The Morning Report
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Have you ever tried to fill up a leaky bucket? It’s a messy endeavor.
Now, imagine that the water is cash from Proposition 30 and the bucket is a troubled San Diego Unified School District, and this whole metaphor will begin to make a lot of sense. The hole? Well, that’s a bit more complicated.
Proposition 30 was meant to solve the public education funding crisis across California, but now it appears that nearly 61 percent of any new funding received by San Diego Unified will go toward reimbursing teachers for their long-delayed pay raises —raises that were used to plug the hole a few years ago. With the cork removed —and another few drops diverted toward administrators— only about one-third of the funds will ever get to our drought-stricken classrooms.
Our story takes a cold, hard look at the rough numbers and the agreements that brought on the district’s most recent fiscal woes.
San Diego Explained: Take a Walk on the Crumbly Side
In our most recent San Diego Explained video segment, reporter Liam Dillon takes on the tricky legal, logistical, and actual mess that is San Diego’s sidewalk infrastructure.
In his report, Dillon reiterates that while the city is legally responsible for sidewalk safety, property owners are responsible for the actual repairs. It’s an awkward system, but it’s also just the tip of the iceberg. Be sure to make a visit (and submit photos) to our blog, The Stumblr, to see the full extent of our city’s ailing footpaths.
‘I Am No Longer Homeless’
For readers who have been following our months-long series about homelessness in San Diego, Liz Hirsh has become a familiar face. Hirsh began writing in to VOSD back in December and graciously allowed us to have a window into her life as a homeless 58-year-old woman on the streets.
She sent us multiple dispatches from coffee shops around the city, and her latest proudly announced that she has found a permanent home through the CC Senior Housing program.
Hirsh was in the crowd for our Homelessness quest discussion last night at the emergency winter shelter. Stay tuned for a recap and for further updates on Hirsh’s big news.
That Hotel Tax? Yeah, Even the Hotels Call it a Tax
It walks like a tax and talks like a tax, but City Attorney Jan Goldsmith still insists on calling the TMD a fee. It may just seem like another three-letter word, but the distinction is important.
One requires a vote by the people, the other does not.
On Wednesday, Scott Lewis took on Goldsmith’s claim that the TMD “payors are the hotels.” And yesterday, he discovered that even the Hard Rock Hotel boldly calls the TMD a tax right on its receipt. It’s a tax that was twice rejected by the people of San Diego in previous votes.
Take a look at any old hotel receipts you may have lying around the house. If they say TMD tax anywhere, be sure to get a copy over to us.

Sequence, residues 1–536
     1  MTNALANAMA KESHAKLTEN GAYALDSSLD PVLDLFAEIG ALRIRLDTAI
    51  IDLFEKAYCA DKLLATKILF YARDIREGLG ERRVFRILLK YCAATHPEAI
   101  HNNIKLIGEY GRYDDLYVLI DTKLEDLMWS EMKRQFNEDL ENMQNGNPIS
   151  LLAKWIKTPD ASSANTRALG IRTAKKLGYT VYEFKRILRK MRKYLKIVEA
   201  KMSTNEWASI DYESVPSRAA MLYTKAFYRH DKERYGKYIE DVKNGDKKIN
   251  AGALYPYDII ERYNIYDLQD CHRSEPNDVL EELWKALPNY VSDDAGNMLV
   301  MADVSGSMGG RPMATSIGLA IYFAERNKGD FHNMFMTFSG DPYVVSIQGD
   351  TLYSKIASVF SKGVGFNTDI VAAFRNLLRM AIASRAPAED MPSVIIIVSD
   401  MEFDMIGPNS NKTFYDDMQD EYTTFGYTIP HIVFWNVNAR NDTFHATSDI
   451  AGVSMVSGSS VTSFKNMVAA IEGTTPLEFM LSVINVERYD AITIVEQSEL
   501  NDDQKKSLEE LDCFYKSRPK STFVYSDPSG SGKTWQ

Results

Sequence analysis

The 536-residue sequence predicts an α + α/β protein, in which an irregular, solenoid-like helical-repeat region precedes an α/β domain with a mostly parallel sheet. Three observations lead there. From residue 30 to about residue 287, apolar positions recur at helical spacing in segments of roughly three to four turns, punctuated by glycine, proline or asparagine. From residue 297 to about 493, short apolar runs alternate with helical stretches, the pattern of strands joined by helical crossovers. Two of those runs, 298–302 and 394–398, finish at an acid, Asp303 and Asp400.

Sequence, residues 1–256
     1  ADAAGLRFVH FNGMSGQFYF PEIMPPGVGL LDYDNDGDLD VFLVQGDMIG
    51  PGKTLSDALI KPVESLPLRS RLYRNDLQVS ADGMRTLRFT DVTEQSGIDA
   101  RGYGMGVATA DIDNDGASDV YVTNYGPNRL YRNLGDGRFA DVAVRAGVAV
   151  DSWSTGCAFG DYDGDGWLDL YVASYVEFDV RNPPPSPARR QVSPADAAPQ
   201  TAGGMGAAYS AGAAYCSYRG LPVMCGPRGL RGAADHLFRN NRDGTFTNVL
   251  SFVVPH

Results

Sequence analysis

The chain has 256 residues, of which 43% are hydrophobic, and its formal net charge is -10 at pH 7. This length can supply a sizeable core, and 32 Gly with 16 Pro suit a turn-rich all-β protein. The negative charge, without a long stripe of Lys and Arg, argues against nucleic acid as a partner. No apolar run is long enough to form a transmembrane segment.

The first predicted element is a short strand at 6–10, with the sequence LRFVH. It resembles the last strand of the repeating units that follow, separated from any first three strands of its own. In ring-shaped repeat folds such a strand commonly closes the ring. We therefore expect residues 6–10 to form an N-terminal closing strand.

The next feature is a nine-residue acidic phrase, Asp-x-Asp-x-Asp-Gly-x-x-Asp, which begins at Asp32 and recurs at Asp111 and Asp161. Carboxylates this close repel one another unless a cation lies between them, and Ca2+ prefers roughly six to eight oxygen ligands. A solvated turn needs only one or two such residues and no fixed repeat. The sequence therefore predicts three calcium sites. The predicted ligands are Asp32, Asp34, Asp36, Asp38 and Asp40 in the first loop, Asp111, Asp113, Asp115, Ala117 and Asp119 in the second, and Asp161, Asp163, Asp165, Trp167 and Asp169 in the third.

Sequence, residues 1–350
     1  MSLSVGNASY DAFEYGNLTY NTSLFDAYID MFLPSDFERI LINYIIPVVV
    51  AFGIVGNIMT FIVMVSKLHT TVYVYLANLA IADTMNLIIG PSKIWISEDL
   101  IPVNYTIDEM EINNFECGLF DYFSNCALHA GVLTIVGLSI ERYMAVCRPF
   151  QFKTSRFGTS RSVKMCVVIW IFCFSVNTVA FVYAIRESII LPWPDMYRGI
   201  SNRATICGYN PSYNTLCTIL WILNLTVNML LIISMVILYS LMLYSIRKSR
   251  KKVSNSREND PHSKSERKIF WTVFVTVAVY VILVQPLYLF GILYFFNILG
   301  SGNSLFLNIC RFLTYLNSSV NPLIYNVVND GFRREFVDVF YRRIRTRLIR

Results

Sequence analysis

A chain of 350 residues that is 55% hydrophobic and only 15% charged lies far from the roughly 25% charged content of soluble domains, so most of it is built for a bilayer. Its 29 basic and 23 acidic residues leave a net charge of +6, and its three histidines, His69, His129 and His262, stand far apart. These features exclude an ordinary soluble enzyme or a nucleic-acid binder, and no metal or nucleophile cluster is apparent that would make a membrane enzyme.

Reader Comments: San Diego Politics Are Totally Insane
It may come as a shock to some younger readers, but San Diego’s political system was once a very different animal. In 2004, the city switched to a system that gave the mayor chief executive status and considerable power over the course of legislation. Longtime San Diego resident Ron A. Smith wrote in with a sharp criticism of “strong mayor” system, calling it an “unmitigated disaster.”
In our San Diego Explained segment about the change, we did a full analysis of the new system and NBC 7 San Diego put together a truly wonderful set of graphics.
In another commentary, reader Herb Morgan wrote in to comment on our recent story covering the spat between Mayor Bob Filner and City Attorney Jan Goldsmith. Morgan believes that electing a city attorney is a completely “nonsensical” system that leads to blatant conflicts of interest. As he puts it, the city attorney’s political ambitions lead to a system where “the city is suing itself with borrowed money.”
Quick News Hits
• San Diego County Water Authority Chairman Thomas V. Wornham takes a shot at the Los Angeles Times for its criticism of the new Carlsbad desalination plant.
• Santana High School shooter Andy Williams spoke with PBS News Hour about Sandy Hook and says he thinks “it’s not really the same thing.”
• A Point Loma dispensary has named a new flavor after Mayor Bob Filner. The description says “this 1 won’t let you down.” Maybe not your first choice for a mellow nightcap.
• A recent public opinion poll says that 75 percent of San Diegans now support drinking reclaimed sewage water. Liam Dillon notes that the numbers are up 25 percent from a decade ago.
… Now my bucket metaphor up top just seems a little bit more revolting.
Colin Weatherby is a freelance writer. You can reach him at email@example.com and follow him on Twitter at @CCWeatherby.
Disclosure: Voice of San Diego members and supporters may be mentioned or have a stake in the stories we cover. For a complete list of our contributors, click here.